If we keep borrowing and spending at this rate, Canada could become the first banana republic that doesn’t even grow bananas.
Yes, once more into the fiscally futile breach we go, this time to spray billions around to help certain folk deal with the huge jump in prices over the past year, something that’s due, in no small part, to the previous billions of bucks our government merrily spread around.
Come on, this is rapidly becoming an economic Groundhog Day for those still hoping the limit of such exorbitant spending has been reached. No, as long as Canada’s got some credit left with someone, somewhere, these giveaways will continue.
But at least our prime minister is finally turning his attention to monetary policy. Remember, during that recent election campaign, Justin Trudeau declared he didn’t think about such matters? In retrospect, his ignorance might have been our bliss.
Last week, he announced plans to provide about $4.6 billion to low-income Canadians by hiking GST rebates, subsidizing rent payments and kicking into gear a national dental care plan. This is to combat high levels of inflation, currently averaging 7.6 per cent across our country.
Oh, but this free money won’t add to those inflationary fires, says Canada’s answer to Milton Freedman. Well, in that case, why not give away $10 billion, or even $20 billion? And can we all have a slice of this latest pie? If Trudeau’s correct in his monetary musings and oodles of free cash don’t stoke inflation, then why not?
Oh, and don’t reply we need to balance the federal budget. That ship sailed many years ago with Trudeau’s flippant comment about how it balances itself. (Perhaps dad paid his credit card balance each month when he was young, so that’s why our prime minister believes in some fiscal Tooth Fairy.)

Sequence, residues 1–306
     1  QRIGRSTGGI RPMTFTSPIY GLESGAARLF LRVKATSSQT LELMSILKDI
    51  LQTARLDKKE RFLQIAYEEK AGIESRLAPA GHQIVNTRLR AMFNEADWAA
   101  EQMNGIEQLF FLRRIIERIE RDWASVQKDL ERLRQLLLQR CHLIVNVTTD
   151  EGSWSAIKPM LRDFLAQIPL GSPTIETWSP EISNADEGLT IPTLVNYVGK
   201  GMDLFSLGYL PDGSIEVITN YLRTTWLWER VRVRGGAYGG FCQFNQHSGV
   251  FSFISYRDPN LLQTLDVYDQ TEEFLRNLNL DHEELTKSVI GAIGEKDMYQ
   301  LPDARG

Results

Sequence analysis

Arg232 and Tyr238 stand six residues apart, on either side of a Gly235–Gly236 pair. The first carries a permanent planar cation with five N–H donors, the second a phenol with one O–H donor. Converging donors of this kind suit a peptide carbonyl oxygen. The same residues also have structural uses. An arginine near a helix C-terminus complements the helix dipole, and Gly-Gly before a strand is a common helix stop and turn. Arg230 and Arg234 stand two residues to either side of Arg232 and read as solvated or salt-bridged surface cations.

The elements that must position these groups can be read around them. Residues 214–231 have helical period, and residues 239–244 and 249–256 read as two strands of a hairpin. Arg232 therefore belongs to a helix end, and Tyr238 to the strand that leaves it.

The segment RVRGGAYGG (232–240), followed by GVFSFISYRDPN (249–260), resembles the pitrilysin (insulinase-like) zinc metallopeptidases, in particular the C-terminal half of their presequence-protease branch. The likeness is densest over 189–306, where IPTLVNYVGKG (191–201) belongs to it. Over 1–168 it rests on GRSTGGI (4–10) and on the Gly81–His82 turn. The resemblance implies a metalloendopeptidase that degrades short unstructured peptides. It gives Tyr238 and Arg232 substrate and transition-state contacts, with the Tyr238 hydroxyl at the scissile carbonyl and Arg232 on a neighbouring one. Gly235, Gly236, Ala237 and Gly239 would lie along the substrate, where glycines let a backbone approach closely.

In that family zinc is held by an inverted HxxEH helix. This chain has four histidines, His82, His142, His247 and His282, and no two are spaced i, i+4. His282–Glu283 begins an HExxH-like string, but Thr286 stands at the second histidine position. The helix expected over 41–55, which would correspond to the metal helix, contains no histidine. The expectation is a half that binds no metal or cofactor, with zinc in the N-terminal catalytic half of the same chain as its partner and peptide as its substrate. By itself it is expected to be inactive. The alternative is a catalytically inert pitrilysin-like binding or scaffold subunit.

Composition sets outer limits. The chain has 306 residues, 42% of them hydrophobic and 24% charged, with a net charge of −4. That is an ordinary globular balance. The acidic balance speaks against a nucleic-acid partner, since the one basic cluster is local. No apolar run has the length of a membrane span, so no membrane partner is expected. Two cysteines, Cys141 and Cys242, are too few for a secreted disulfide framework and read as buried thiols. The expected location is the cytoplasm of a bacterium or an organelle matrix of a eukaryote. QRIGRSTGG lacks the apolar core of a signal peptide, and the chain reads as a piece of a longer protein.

But, as many a country across the globe has discovered, printing money and then spraying it everywhere in order to garner political support, eventually comes a cropper.
Canada has — or at least did have — a fairly reasonable financial resume. So borrowing money was a lot cheaper than in the likes of Zimbabwe, Sri Lanka or Argentina. But, give us time. The loonie might yet come to describe a sad individual who keeps his life savings in such a rapidly depreciating currency.
OK, to summarize, first, you set fire to the house, then you magnanimously provide a hose to the startled residents, but eventually, they discover it isn’t water but gasoline that’s now being sprayed, willy-nilly, on their flame-engulfed home.
And homes are indeed a suitable subject matter when it comes to dissecting the intricacies of Trudeaunomics.
Because, just as the prime minister pours gas on this inflationary fire, the high foreheads over at Canada’s central bank — asleep at the switch throughout 2021, it now transpires — are today determined to make up for that dozy lapse by jacking up interest rates at a furious pace.
They’re apparently saving us from ourselves by crashing the economy to curb inflation. (They must be rather confused, watching their ultimate boss simultaneously do the opposite — pouring fuel on that same inflationary fire by handing out billions like some Santa on steroids. Just don’t expect any banker to quit in protest.)
Nope, instead, they’ll continue lecturing the rest of us, while hiking borrowing costs. And what’s the first big-ticket item to get a shellacking through this policy?
House prices would indeed be the correct answer. That’s where so much of ordinary folks’ wealth is tied up. So, imagine buying a home a year ago when mortgage rates were rock bottom, putting 25 per cent down, only to find that equity is shrivelling faster than the hopes of Canada’s hockey teams come early May.
Sorry for being glib. Losing your home is no laughing matter. But you have to laugh or you’ll cry yourself a river. All we can do is watch this play out. So if singing “Yes! We Have No Bananas” helps raise a smile, then go for it.
Chris Nelson is a regular columnist for the Calgary Herald.